A step by step guide for growing hydroponic bitter gourd
Today, we learn the topic of growing hydroponic bitter gourd, hydroponic bitter melon nutrient solution, and hydroponic bitter gourd fertilizers. Bitter gourd commonly recognized as karela isn’t all that bitter as it tastes. Although its bitter taste may turn some people away from it, in fact, it can really sweeten your health by virtue of its disease-preventing and health-promoting phytochemical compounds present in it. It is a wonderful vegetable rich in calcium and Vitamin C. Cultivated expansively in India and China, the bitter gourd is well known to reduce blood sugar levels in diabetics this is why it is often advised for diabetic patients. Bitter gourd belongs to the Cucurbitaceae family, the same family as the melons and gourds, etc. The scientific name for Bitter gourd is Mormodica charantia.
Since this crop so much beneficial so why not grow it at your own place and harvest fresh and organic for this hydroponics technique is the savage. Yes, friends’ bitter gourd hydroponics is possible and has been practiced by enthusiastic gardeners.
So today we will have a discussion on growing bitter gourd plant in a hydroponic system.
Let’s get started.
The growing season for bitter gourd:
Though bitter gourd is a warm-weather crop, but hello! We are talking about hydroponics where bitter gourd can be grown throughout the year provided it is not exposed to extreme cold conditions and proper nutrient requirements and pH range is being taken care of. The best season to enjoy growing bitter gourd is between April – May, and July – September.
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Mature bitter gourd plant bears deeply lobed leaves and grows in a fashion alike squash, cucumbers, and watermelon having vines 13 to 16 feet long if it is left unpruned. Fruits are light to dark green colored, oblong and either smooth or warty, typically about 8 inches (20 cm) long but fruits can differ in length between 2 and 10 inches (5-25 cm) long. The fruit changes in color from green to yellow to orange as it ripens and over-ripens.
Location constraints for bitter gourd gardening:
It is well known that hydroponics enables us to grow our favorite plant be it herb, fruit or vegetable in indoor conditions same is for bitter gourd too. But here because of the plant growth habit, the plant needs to be exposed outdoors but don’t worry you don’t need to dig soil you just have to arrange trellis or support example wooden trellis stand or plastic rope or wire to make a temporary arrangement for the creeper so that the bitter gourd plant can spread properly as it is a typically vining plant. The bitter gourd plant is a creeper and requires a trellis set up to support the creeper. Choose a sunny spot for the system that receives a good amount of sunlight during the day. The crop must receive a minimum of six hours of bright sunlight every day you should choose the location of your system accordingly. Experienced growers believe fruit grown from a trellis grows longer and straighter than those grown on the ground as they will get proper space for the growth.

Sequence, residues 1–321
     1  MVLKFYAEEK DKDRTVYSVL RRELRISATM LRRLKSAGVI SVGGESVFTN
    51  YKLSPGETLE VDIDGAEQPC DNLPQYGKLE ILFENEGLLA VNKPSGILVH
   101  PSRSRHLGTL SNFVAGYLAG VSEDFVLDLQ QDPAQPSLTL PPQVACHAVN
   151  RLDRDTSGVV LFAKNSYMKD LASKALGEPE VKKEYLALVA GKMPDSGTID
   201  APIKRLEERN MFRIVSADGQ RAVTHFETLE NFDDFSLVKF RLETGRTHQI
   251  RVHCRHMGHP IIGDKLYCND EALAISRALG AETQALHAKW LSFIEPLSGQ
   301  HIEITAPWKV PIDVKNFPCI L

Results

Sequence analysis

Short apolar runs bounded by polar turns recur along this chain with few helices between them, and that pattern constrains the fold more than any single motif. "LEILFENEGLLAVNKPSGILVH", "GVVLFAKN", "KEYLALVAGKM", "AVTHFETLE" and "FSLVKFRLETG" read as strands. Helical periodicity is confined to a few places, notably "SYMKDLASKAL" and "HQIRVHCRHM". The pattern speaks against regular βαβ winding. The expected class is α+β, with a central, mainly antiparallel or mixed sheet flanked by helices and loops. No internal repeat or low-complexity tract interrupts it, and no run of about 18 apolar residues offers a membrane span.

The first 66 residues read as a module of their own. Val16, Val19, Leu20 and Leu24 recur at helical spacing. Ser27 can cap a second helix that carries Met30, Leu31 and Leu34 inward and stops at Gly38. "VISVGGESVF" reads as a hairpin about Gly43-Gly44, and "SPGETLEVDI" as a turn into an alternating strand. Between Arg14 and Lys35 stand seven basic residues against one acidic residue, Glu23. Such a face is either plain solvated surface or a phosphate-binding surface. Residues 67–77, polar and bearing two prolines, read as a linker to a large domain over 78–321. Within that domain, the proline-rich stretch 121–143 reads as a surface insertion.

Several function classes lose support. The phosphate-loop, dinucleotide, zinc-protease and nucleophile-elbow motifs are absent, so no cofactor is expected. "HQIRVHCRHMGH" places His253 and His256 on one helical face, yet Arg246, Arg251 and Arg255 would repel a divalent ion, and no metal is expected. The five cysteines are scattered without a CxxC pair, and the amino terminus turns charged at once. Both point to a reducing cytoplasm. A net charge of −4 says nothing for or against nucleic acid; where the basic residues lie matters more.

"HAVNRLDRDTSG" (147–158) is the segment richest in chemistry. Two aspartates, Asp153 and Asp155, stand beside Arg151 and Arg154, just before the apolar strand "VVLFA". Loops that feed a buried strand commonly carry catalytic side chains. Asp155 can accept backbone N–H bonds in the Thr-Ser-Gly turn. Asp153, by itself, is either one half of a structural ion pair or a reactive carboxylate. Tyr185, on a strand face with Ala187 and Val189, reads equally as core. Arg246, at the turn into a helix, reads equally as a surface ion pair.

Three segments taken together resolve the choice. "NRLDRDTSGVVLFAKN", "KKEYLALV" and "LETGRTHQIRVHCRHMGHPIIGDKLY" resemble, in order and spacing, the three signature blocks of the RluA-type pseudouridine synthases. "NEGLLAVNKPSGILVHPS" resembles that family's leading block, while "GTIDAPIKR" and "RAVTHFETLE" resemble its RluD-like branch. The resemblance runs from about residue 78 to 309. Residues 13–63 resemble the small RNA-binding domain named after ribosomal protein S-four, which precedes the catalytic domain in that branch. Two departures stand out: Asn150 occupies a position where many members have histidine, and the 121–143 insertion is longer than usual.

Propagating bitter gourd plant in hydroponics
For raising hydroponic plants you can start from seed or an easier way is to fetch transplants from a nearby nursery. But raising plants right from seed is more fun. Seeds can be purchased online or in any gardening shop. You can also use seeds you get from ripened yellow fruits. Ripened seeds have a crimson red-colored seed coat. Germination is not difficult in bitter gourd, but there are some hacks to speed it up.
Seeds germinate slowly in 3 to 4 weeks if you directly sow them without any pre-treatment, especially at low temperatures. But to enhance germination rate and for the faster germination, you can scarify the seeds to remove the hard seed coat. For this, simply rub the seeds from one side without doing any damage to endosperm present inside the seed coat, scarification enables the seed to sprout quickly. Soaking seeds for 24 hours prior planting in water will also help.
Sow seeds 2 cm deep. Seeds can be sown directly into the ground or in the growing media like coco-coir or Rockwool but only after the risk of frost has passed. Seeds require the temperature above 70 Fahrenheit (20 C) for germination and about 6 hours of direct sunlight. You can transfer the seedling after you observe 3 to 4 true leaves stage.